Planting a Tree
In observance of Florida’s Arbor Day on January 16, add a new tree to your landscape. Large trees to consider include live oak, Southern magnolia, bald cypress, and pond cypress. Central and South Floridians can also choose flowering trees such as jacaranda, pink trumpet tree (Tabebuia heterophylla), purple trumpet tree (T. impetiginosa), golden trumpet tree (T. chrysotricha), and yellow trumpet tree (T. umbellata). Dogwood, redbud, and fringe tree are small flowering trees for North and Central Florida. Dig the planting hole two to three times as wide as the pot or root-ball but no deeper. In fact, it is best to plant trees an inch or so higher than the ground to allow for settling. Apply a 2- to 3-inch layer of mulch afterward. Thoroughly wet the root-ball three times per week.
- Cold Protection―Cover tender plants if the temperature drops below freezing. Small plants in the ground can be protected with a layer of pine straw or hay. Or you can cover them with clay pots. For taller plants, use some type of cloth covering such as frost blankets from a garden center. After a freeze, don’t be in a hurry to prune off cold-damaged parts of plants. It’s a good idea to wait at least a few weeks so that you know the full extent of the cold damage. Or better yet, wait until spring growth is about to emerge.
- Editor's Pick―Has yard work taken a toll on your skin? Try some of the Earth-friendly products from Burt’s Bees to hydrate, repair, and protect your skin. Look for them at a drugstore, or visit www.burtsbees.com for a store locator.
North and Central
- Prunning plants―Start by removing dead or diseased branches. Then cut off branches that cross or rub other branches or that grow toward the center of the plant. Don’t leave stubs. Remove the entire branch during this thinning process. Finally, cut back excessively long stems or branches to a point where you wish to induce branching. These principles can be applied to roses, crepe myrtles, and many deciduous fruit trees. Wait until late February to prune evergreen shrubs.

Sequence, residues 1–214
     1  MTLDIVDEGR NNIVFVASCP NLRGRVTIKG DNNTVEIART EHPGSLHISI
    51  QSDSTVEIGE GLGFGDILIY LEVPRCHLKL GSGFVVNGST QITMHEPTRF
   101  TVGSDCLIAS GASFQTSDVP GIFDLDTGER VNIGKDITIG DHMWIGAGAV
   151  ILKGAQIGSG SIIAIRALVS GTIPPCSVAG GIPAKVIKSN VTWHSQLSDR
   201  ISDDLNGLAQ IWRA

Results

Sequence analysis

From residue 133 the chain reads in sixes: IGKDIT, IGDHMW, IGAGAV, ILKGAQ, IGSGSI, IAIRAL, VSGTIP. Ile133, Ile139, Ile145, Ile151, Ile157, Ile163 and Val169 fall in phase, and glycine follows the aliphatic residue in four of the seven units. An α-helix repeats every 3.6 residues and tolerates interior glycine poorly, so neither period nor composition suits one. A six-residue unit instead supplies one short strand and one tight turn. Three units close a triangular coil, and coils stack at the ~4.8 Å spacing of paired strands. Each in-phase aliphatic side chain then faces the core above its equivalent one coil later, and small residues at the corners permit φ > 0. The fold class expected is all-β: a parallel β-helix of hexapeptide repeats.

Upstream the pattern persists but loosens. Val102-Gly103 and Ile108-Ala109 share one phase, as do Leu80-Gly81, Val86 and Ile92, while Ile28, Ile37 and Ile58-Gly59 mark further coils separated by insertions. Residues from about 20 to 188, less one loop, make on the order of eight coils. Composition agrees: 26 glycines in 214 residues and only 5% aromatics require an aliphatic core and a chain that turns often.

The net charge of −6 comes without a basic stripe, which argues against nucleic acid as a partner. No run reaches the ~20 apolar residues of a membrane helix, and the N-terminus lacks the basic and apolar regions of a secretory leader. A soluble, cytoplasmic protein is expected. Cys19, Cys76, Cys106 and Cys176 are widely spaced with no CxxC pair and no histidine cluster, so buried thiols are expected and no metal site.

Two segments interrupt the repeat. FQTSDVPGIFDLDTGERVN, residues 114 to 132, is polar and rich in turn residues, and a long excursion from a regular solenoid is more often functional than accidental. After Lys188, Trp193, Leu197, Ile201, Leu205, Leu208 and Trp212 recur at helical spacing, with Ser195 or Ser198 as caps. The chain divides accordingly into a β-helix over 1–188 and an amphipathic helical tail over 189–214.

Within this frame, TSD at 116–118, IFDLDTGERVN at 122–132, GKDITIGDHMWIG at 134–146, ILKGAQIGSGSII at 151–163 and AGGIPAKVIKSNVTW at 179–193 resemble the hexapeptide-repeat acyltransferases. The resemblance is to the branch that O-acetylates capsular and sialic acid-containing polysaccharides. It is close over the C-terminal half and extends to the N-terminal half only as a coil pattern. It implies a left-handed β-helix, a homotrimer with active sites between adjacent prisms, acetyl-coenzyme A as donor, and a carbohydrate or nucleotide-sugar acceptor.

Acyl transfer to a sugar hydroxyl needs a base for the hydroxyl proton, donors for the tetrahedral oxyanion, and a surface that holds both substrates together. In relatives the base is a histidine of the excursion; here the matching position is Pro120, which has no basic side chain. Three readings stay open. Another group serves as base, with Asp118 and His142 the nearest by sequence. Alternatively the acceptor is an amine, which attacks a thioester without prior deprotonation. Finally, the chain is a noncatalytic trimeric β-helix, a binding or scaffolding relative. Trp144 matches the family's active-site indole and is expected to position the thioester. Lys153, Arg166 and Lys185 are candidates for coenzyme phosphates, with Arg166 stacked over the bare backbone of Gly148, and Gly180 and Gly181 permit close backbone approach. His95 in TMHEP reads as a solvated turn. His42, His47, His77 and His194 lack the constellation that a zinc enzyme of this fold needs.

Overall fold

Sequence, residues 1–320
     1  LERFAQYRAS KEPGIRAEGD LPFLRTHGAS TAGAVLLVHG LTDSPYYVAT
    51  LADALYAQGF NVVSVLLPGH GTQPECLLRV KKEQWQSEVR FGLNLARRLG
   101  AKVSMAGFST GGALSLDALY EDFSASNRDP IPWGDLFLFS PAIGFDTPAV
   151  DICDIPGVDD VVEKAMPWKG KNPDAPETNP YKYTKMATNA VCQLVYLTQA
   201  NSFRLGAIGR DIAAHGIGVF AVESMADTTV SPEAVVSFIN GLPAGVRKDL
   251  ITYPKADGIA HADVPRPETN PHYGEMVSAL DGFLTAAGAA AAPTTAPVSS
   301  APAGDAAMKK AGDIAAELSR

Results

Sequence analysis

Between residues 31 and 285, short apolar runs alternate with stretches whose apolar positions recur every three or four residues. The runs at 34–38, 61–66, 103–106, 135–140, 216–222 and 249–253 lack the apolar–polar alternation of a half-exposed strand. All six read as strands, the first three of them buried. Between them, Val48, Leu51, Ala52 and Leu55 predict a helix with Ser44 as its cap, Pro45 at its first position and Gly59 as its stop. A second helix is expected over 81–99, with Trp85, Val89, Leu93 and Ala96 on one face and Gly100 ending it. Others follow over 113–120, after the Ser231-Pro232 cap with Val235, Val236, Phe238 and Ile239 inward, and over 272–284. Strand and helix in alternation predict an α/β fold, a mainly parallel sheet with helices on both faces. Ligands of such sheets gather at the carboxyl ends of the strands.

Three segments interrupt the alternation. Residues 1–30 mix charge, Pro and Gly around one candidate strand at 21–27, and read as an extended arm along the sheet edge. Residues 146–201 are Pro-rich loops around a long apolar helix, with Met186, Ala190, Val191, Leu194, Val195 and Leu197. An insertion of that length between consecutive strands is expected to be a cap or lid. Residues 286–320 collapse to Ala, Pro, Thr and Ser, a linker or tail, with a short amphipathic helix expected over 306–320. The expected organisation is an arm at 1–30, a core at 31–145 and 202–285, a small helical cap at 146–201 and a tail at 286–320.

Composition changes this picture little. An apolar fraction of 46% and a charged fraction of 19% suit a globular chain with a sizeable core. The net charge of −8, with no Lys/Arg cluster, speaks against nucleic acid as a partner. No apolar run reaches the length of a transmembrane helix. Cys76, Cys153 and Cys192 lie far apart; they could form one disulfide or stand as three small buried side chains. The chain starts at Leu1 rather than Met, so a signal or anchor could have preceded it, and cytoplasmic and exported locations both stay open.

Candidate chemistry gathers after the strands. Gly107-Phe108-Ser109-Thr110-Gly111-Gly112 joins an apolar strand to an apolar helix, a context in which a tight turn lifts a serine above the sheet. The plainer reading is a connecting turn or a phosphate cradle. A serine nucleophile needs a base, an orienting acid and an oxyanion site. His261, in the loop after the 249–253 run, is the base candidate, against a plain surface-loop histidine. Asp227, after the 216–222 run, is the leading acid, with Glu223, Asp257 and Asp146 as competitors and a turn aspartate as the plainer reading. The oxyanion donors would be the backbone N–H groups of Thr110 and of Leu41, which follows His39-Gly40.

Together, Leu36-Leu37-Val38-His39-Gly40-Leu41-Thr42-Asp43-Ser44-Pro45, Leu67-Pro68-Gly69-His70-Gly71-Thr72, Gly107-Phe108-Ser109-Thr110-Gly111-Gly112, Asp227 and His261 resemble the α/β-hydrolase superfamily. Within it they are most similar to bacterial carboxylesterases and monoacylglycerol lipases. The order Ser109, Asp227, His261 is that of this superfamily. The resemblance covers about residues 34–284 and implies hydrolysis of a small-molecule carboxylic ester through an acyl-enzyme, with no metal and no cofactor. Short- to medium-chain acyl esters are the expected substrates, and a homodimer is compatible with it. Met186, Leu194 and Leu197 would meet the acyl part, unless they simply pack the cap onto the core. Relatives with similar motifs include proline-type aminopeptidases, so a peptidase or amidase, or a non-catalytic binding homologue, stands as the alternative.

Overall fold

- Flowers―Add color by planting 4-inch pots of pansies, petunias, snapdragons, dianthus, nemesias, diascias, and chrysocephalums in sunny garden spots or in containers. Plant and press firmly in place with your hands, and then water. Feed with a fertilizer such as Dynamite Select Annuals, Perennials & Vegetables 13-3-17.
Central and South
- Papaya―Save the seeds from a papaya, removing the membrane that surrounds each seed. Plant two to four seeds in sterile potting soil in each of several 1-gallon pots. Place the pots in a warm, sunny location. After the seedlings emerge, select the most vigorous one in each pot, snipping off the others at the soil line. The plants will be ready to be placed in a sunny area of the garden in March when they are 6 to 12 inches tall.